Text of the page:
So, 2020 is finally over. A well and truly good riddance! As a matter of principle, Jen and I stayed up long enough to see the new year in, then almost immediately hit the sack. Every year, I confidently predict the new year will be better than the last, but from now on I’m keeping my trap shut. Hoping for an improvement on 2020 is setting 2021 an awfully low bar, but I don’t want to tempt fate. (Not that fate can be affected by anything we say or do: that’s the whole point of fate… Not that fate actually exists.)
On New Year’s Day evening, I had the latest of my weekly FaceTime chats with my friend Stense. We both brought along a bottle to toast the new year. A year ago, who’d have thought video calls would become so important in our lives? Talking to my hard-of-hearing dad on the phone is an absolute nightmare at the best of times; FaceTime saved the day during the lockdowns. Regular video calls with a small number of close friends also helped make a dreadful year more bearable for me. I‘m sure I’m not alone.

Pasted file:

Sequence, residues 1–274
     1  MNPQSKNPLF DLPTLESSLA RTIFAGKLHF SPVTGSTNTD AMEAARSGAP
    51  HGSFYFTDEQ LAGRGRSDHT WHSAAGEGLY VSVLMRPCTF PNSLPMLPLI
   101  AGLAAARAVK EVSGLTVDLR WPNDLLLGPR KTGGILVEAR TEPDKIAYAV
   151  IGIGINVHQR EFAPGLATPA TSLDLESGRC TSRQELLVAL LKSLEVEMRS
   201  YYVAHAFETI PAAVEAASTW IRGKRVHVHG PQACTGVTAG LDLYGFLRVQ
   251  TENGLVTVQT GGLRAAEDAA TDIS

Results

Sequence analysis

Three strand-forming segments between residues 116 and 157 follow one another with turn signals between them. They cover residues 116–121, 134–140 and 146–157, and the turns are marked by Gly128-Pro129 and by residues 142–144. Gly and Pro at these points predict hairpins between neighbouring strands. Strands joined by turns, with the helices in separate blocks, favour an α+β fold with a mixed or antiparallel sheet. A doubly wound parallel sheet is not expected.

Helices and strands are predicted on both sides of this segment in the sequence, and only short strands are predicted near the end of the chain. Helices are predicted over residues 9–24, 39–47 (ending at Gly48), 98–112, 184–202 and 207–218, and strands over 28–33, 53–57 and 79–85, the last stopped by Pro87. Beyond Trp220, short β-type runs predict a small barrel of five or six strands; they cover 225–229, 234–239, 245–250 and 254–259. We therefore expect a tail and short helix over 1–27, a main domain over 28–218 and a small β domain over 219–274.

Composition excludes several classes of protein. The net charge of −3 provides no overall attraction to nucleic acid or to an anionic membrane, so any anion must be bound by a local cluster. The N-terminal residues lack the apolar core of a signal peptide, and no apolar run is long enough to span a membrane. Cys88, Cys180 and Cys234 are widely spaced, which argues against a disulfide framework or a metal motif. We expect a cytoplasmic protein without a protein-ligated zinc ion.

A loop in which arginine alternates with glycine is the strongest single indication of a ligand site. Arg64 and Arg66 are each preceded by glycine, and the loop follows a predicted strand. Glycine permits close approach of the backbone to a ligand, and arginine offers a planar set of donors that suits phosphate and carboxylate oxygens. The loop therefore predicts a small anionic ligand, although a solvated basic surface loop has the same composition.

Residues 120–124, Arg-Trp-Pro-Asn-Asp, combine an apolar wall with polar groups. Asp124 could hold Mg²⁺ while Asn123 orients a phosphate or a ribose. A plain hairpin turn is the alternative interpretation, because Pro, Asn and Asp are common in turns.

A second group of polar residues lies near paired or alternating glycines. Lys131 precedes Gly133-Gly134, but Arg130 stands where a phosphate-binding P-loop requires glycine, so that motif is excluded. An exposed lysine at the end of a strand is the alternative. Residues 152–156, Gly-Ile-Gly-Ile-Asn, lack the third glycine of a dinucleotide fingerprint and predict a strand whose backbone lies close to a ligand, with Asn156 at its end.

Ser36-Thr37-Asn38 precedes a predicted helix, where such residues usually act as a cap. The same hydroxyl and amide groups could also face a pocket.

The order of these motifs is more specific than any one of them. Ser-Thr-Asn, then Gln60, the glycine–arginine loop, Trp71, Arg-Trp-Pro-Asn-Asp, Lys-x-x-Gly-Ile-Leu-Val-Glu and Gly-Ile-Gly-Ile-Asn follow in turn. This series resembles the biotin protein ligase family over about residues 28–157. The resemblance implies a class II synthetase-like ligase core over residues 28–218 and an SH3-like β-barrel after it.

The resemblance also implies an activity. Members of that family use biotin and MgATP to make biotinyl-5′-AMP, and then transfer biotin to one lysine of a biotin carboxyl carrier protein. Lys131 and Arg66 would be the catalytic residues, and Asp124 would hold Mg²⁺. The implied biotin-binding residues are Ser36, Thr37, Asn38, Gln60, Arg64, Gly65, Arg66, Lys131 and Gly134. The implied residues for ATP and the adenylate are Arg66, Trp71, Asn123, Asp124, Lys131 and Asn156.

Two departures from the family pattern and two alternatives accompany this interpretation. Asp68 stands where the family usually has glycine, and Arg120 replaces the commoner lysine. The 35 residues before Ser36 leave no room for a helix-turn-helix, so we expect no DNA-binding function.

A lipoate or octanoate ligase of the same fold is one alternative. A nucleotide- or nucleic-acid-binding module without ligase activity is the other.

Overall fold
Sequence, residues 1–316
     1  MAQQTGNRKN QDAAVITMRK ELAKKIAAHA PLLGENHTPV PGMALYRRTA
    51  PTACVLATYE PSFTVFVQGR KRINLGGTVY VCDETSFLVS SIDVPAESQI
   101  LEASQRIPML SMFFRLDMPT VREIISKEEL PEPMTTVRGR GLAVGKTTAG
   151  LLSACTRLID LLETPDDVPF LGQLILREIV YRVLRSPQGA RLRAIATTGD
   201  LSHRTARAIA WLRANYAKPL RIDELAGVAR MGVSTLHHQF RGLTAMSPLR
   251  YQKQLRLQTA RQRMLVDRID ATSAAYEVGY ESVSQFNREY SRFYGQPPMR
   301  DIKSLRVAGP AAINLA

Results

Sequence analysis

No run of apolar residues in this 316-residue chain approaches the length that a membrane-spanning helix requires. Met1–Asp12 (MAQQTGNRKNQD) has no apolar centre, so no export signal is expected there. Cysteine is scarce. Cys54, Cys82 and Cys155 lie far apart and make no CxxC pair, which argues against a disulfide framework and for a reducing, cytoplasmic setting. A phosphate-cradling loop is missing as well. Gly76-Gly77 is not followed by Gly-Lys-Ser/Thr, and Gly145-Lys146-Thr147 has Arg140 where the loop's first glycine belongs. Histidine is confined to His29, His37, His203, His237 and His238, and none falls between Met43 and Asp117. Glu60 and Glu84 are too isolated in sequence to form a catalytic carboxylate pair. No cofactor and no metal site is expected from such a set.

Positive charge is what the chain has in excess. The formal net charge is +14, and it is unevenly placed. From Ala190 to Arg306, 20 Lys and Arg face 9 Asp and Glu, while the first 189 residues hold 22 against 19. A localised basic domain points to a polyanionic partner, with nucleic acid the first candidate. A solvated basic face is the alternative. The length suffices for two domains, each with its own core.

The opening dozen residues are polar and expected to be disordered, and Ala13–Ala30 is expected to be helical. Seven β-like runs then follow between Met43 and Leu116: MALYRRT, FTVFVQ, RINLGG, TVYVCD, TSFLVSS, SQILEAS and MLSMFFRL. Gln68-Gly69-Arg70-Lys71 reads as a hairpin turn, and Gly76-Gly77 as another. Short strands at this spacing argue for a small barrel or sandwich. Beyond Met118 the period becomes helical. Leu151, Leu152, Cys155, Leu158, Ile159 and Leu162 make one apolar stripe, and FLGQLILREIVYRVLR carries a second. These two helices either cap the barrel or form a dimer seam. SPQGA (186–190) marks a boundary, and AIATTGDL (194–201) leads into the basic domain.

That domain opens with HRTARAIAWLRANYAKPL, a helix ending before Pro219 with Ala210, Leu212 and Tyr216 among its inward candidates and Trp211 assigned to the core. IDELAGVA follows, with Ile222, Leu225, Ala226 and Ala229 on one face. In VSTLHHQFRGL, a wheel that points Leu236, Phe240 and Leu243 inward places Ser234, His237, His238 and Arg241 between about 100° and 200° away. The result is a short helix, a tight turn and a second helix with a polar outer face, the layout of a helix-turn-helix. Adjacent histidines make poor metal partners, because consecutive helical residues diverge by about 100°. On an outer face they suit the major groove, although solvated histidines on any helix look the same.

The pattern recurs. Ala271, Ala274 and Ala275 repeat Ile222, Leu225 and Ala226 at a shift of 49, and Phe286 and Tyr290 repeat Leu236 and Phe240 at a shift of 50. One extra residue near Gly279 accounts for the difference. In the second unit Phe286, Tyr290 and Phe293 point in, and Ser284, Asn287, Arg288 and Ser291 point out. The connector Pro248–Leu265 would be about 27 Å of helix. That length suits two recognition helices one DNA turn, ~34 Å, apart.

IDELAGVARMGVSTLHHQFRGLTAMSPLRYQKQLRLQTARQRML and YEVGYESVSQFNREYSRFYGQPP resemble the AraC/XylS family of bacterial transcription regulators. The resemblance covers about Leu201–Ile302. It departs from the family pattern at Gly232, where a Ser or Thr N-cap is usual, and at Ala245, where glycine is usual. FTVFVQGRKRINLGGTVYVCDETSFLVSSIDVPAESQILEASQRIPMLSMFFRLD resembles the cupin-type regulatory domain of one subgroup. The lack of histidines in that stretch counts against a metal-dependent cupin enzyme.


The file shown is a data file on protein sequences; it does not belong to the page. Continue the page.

Stense and I had actually done some homework for our latest chat. She’d spotted a book she thought we’d both like, so treated us both to copies for Christmas: The Bookseller’s Tale by Martin Latham. From next week, it’s unlikely Stense will have much time for reading or video calls, so we’ve agreed to read one chapter of the 13-chapter book per month, starting in December 2020, taking us neatly to the end of 2021. So, in advance of our first chat of the year, we’d both read chapter one, the subject of which is comfort reading.